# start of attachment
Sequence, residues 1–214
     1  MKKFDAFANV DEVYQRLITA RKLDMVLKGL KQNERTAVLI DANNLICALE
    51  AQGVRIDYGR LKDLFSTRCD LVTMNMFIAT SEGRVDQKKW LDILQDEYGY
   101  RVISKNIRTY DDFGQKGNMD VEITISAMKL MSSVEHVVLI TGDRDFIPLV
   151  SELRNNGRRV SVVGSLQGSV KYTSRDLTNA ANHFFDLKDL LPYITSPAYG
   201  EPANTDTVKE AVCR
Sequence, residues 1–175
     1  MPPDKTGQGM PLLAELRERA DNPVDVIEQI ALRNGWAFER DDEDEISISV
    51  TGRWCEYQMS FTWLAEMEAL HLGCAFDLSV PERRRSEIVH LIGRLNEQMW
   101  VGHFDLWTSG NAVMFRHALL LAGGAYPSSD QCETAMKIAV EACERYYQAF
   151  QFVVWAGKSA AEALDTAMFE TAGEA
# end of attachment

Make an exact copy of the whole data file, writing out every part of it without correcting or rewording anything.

Sequence, residues 1–214
     1  MKKFDAFANV DEVYQRLITA RKLDMVLKGL KQNERTAVLI DANNLICALE
    51  AQGVRIDYGR LKDLFSTRCD LVTMNMFIAT SEGRVDQKKW LDILQDEYGY
   101  RVISKNIRTY DDFGQKGNMD VEITISAMKL MSSVEHVVLI TGDRDFIPLV
   151  SELRNNGRRV SVVGSLQGSV KYTSRDLTNA ANHFFDLKDL LPYITSPAYG
   201  EPANTDTVKE AVCR
Sequence, residues 1–175
     1  MPPDKTGQGM PLLAELRERA DNPVDVIEQI ALRNGWAFER DDEDEISISV
    51  TGRWCEYQMS FTWLAEMEAL HLGCAFDLSV PERRRSEIVH LIGRLNEQMW
   101  VGHFDLWTSG NAVMFRHALL LAGGAYPSSD QCETAMKIAV EACERYYQAF
   151  QFVVWAGKSA AEALDTAMFE TAGEA